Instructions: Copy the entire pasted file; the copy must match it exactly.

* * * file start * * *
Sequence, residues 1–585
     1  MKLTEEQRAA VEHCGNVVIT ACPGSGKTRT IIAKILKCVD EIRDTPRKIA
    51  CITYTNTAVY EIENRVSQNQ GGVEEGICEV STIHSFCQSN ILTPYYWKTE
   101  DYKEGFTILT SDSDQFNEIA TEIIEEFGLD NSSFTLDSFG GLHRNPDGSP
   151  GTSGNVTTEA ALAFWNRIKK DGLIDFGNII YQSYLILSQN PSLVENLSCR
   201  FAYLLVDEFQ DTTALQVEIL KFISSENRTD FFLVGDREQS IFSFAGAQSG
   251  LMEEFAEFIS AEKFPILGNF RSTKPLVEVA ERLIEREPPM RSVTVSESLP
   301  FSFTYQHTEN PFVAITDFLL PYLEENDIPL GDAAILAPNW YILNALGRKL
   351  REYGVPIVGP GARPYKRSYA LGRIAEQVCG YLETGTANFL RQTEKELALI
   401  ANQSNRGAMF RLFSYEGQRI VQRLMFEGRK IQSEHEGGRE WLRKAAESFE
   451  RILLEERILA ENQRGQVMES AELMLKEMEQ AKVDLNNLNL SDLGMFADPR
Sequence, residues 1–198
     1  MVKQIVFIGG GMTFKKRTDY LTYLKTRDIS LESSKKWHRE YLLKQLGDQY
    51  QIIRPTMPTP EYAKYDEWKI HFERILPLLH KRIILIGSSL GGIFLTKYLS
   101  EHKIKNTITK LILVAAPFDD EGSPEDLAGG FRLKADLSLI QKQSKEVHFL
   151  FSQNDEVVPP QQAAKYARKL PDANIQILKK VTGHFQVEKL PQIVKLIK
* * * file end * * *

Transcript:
Sequence, residues 1–585
     1  MKLTEEQRAA VEHCGNVVIT ACPGSGKTRT IIAKILKCVD EIRDTPRKIA
    51  CITYTNTAVY EIENRVSQNQ GGVEEGICEV STIHSFCQSN ILTPYYWKTE
   101  DYKEGFTILT SDSDQFNEIA TEIIEEFGLD NSSFTLDSFG GLHRNPDGSP
   151  GTSGNVTTEA ALAFWNRIKK DGLIDFGNII YQSYLILSQN PSLVENLSCR
   201  FAYLLVDEFQ DTTALQVEIL KFISSENRTD FFLVGDREQS IFSFAGAQSG
   251  LMEEFAEFIS AEKFPILGNF RSTKPLVEVA ERLIEREPPM RSVTVSESLP
   301  FSFTYQHTEN PFVAITDFLL PYLEENDIPL GDAAILAPNW YILNALGRKL
   351  REYGVPIVGP GARPYKRSYA LGRIAEQVCG YLETGTANFL RQTEKELALI
   401  ANQSNRGAMF RLFSYEGQRI VQRLMFEGRK IQSEHEGGRE WLRKAAESFE
   451  RILLEERILA ENQRGQVMES AELMLKEMEQ AKVDLNNLNL SDLGMFADPR
Sequence, residues 1–198
     1  MVKQIVFIGG GMTFKKRTDY LTYLKTRDIS LESSKKWHRE YLLKQLGDQY
    51  QIIRPTMPTP EYAKYDEWKI HFERILPLLH KRIILIGSSL GGIFLTKYLS
   101  EHKIKNTITK LILVAAPFDD EGSPEDLAGG FRLKADLSLI QKQSKEVHFL
   151  FSQNDEVVPP QQAAKYARKL PDANIQILKK VTGHFQVEKL PQIVKLIK